Skip to main content

The 29th Summer (1966)

Theodore Isaac Rubin
Trident Books

Annie Greenson is a high school librarian working in Manhattan.  As we open, she is giddy with excitement that the school year is finally over and summer is on its way.  But this will be a very special summer, the 29th summer, the last summer before Annie turns 30 years old.  An early visit to her mother in Brooklyn puts the major issue in focus: why can't Annie find a good man, settle down, and produce a grandchild or two?

As this is the 1960s, modern and semi-liberated Annie tries not to let this burden dominate her psychic life.  But her mind keeps returning to men, especially the "earthy" part of her mind, which occasionally goads her into the empty practice of self-gratification.  She has a friend, Karen, and together they complain about the scarce availability of decent men in the Big Apple.  Sometimes they go to the movies together--mostly they just complain over the telephone.  At one point she swears off thinking about men entirely--deciding instead to reacquaint herself with the city's many art museums.  She goes on a couple of boring dates that lead to boring sex with a guy name Jerry.  There's also a guy named Larry--the one man with whom she actually felt "chemistry," but who mysteriously disappeared after their brief holiday together.

If Rubin's name sounds familiar, perhaps it is because he is a practicing psychiatrist, former President of the American Institute of Psychoanalysis, and the author of several popular books in genre of self-help/psychology--including The Angry Book (1976), Overcoming Indecisiveness (1985), and Real Love What It Is and How to Find It (1990).   His best known book, Lisa and David (1964), has been adapted for the screen twice. 

The 29th Summer speaks to this professional lineage.  The story of Annie's summer unfolds like details recovered and remembered on the couch, suggesting this work of fiction has its roots in one or more of Rubin's patients.  And if nothing else, you have to admire Rubin's audacity--not every man would take it upon himself to narrate a woman's sexual interiority, even one who listened to such thoughts on a weekly basis.  Should be of interest to anyone who reads psychiatric case histories or is looking for yet another account of the 60s "sexual revolution." 

Popular posts from this blog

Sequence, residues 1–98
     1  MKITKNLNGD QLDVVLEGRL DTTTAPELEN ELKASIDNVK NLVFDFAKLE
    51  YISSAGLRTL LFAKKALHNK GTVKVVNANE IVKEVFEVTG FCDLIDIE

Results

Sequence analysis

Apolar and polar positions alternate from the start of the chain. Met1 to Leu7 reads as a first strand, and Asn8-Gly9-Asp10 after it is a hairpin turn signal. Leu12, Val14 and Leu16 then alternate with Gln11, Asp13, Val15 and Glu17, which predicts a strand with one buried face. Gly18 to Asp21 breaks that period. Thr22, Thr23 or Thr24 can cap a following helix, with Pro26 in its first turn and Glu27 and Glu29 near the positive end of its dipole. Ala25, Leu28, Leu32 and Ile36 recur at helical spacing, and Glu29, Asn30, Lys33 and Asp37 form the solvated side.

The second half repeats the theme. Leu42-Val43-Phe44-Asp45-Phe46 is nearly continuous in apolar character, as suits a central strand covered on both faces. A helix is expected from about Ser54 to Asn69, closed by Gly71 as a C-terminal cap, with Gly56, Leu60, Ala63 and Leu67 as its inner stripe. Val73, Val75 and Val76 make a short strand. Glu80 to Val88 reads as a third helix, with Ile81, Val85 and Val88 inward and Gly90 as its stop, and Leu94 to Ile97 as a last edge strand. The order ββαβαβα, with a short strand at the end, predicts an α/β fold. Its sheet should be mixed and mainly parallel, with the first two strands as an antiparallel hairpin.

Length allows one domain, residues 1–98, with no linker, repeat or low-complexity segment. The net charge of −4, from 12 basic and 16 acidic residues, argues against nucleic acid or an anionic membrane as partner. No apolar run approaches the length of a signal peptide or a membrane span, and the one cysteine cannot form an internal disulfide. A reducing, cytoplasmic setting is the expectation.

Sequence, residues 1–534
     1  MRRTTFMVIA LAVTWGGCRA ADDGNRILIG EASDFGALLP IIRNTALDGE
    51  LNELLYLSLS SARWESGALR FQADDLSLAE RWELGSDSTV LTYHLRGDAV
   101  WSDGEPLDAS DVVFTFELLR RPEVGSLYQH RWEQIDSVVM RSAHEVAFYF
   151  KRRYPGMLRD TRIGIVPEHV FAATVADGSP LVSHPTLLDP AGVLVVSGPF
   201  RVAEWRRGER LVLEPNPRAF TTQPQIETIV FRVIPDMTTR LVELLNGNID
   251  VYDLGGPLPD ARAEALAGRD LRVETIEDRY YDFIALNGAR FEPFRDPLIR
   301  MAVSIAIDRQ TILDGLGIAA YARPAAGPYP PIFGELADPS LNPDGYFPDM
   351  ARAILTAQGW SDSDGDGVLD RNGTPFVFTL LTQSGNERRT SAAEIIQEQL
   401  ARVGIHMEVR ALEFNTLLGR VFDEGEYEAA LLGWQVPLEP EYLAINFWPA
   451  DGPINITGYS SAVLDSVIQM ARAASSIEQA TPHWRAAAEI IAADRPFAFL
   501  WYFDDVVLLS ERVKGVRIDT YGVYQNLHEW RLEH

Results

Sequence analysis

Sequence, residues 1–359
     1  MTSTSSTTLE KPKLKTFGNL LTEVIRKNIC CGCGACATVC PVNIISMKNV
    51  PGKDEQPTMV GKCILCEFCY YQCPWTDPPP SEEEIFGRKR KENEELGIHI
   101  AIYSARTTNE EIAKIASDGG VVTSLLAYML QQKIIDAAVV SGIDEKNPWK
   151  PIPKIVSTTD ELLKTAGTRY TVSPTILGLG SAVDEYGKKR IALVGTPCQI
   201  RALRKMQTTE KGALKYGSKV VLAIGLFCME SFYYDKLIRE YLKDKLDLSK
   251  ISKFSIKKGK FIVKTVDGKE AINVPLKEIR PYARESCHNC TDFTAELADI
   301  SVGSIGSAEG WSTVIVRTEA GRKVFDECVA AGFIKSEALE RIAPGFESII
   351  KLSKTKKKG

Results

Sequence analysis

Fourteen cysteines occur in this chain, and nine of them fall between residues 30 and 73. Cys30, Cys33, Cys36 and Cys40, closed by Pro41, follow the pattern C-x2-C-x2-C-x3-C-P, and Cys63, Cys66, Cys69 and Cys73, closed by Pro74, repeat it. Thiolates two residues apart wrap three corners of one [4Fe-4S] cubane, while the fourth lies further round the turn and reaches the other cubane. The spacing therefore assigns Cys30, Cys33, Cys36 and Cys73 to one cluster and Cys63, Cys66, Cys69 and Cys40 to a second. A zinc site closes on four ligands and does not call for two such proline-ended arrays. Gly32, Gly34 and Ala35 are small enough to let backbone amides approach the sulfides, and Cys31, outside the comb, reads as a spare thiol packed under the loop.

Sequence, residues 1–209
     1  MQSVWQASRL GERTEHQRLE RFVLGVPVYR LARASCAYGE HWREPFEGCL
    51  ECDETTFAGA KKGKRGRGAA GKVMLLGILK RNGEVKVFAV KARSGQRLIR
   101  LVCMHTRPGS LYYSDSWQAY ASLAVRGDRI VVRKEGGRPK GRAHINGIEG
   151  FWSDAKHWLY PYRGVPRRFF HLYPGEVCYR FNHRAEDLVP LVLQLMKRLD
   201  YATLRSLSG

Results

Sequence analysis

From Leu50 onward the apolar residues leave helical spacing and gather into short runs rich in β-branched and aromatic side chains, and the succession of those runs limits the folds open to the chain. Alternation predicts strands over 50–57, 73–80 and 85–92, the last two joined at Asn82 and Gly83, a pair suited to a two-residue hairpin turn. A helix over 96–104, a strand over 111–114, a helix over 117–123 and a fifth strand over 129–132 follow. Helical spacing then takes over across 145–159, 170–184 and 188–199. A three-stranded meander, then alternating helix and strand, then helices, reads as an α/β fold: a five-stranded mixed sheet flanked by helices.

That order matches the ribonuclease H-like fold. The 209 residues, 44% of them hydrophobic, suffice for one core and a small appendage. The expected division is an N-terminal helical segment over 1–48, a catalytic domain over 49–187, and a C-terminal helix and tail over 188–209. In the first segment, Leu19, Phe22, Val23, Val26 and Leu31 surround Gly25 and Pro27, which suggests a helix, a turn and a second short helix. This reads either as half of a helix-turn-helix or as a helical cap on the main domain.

Whatever Happened to "Radar" O'Reilly?

A DA-7 hardship discharge brought Radar right back to where he started in life: Ottumwa, Iowa. In less than a month he knew he had made a terrible mistake.  Radar had neither the inclination nor the tenacity necessary to run a working farm, and soon he and his mother were even closer to bankruptcy than ever before.  After a long talk, Radar finally persuaded his ailing mother to go live with her sister in a neighboring town.

Somehow during this difficult period of transition, Radar became engaged to be married.  But after announcing his intention to sell the farm and all the livestock, Radar's bride-to-be began acting strangely--or so it seemed to Radar.  The night before the wedding, a panicked O'Reilly arrived unannounced on the doorstep of his surrogate father, Colonel Sherman T. Potter (who had taken a position shortly after the Armistice supervising the V.A. hospital in River Bend, Missouri, just a few hours south of Ottumwa).  As it so happened, Radar burst into the hou…

Violent Jeff Foxworthy Breakfast Snipes

The Inhuman Centipede

Maybe you’ve been ignoring the whole Human Centipede thing hoping it would eventually go away.  And no one would blame you.  By now, almost every pop- literate citizen is at least aware of the basic premise—psychotic German surgeon abducts three people and sutures them together, ass to mouth, to form the “human centipede” (after practicing on his three Dobermans, the lost, lamented “3-dog”).  No one should have to see something like that if they don’t want to.  For many, it’s bad enough just knowing it exists—try to “unthink” that premise once you’ve heard it.
The “human centipede” is a brilliant concept that made for a decent film.  Congratulations to writer/director Tom Six for imagineering a genuinely novel development in the horror repertoire, especially this late in the game.   By virtue of the premise alone, The Human Centipede was the biggest innovation in exploitation since the great hype-cloud that allowed The Blair Witch Project to blur possibility and probability back in 1…